NASA Perseverance Rover Succesfully Landed on Mars

You can exhale now: NASA’s Perseverance rover has landed safely on Mars.

The car-sized perseverance, the most advanced robot ever sent to the Red Planet, hit a “seven minute terror” touchdown this afternoon (Feb 18), descending slowly at the bottom of an ancient lake within the 28 mile (45 kilometer) wide) Jezero Crater just before 4 o’clock afternoon EST (2100 GMT).

After a series of instrument and hardware checks, Perseverance will begin to do what it has to do across the interplanetary space: hunt for signs of ancient Martian life, collect and store rock samples to return to Earth in the future and demonstrate some sparkling new exploration technology, among others. other. (1)

Enduring blazing heat, the rover was shielded by a protective shell and parachute to help slow itself down. A descent stage with six rocket thrusters fired as it neared the surface, slowing Perseverance to a much calmer 2 mph.

Clutching the rover, the descent stage hovered 66 feet above the surface to execute a “skycrane” maneuver, where it gently lowered Perseverance on a set of cables the rest of the way to the surface.

With its six wheels planted on the surface, the rover snipped the skycrane cables, prompting the rocket-powered descent stage to move itself far away from Perseverance.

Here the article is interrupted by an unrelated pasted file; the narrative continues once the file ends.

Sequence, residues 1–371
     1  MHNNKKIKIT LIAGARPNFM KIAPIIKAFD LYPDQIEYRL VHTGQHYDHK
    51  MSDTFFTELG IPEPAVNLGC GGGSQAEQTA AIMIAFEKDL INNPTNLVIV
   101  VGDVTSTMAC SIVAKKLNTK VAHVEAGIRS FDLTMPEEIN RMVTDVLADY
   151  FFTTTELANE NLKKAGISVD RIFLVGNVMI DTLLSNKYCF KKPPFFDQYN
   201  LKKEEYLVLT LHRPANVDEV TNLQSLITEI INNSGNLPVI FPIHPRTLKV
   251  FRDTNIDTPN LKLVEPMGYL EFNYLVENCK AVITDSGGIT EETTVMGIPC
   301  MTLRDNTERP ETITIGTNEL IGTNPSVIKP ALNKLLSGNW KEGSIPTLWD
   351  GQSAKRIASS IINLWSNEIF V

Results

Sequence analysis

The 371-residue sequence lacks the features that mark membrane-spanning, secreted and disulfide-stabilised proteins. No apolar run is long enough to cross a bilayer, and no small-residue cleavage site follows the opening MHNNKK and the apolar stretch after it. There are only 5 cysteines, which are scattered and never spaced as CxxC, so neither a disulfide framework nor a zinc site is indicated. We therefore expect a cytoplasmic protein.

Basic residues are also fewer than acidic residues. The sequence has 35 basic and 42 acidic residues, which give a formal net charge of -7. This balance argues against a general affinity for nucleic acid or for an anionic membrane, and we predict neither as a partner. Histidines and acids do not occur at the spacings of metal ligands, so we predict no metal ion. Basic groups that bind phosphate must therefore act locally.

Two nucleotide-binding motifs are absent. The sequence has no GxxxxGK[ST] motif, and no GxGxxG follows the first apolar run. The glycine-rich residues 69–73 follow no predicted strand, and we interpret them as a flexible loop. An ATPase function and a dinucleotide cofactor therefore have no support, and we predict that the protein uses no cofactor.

The on-time landing at 3:55PM ET marks NASA’s sixth successful landing on the Red Planet. The $2.7 billion rover is essentially a 2,263-pound laboratory on wheels: for the next several years, Perseverance will traverse Mars’ Jezero Crater to collect soil samples for a future retrieval mission, analyze the makeup of Martian rocks with a laser-beaming camera system, and deploy a helicopter named Ingenuity, a four-foot-on wide rotorcraft that will demonstrate the first powered flight on another planet.

Spirits were high during a post-landing press conference. Thomas Zurbuchen, NASA’s top science official, was elated and began his remarks on Perseverance’s landing victory by holding up a printout of the mission’s contingency plan — a blueprint for the team in case the mAission goes awry — and ripping it in half.

“Here’s for the contingency plan!” he said before tearing the paper apart and tossing it behind him, sparking applause in the JPL auditorium. (2)

Photo credit: (3)

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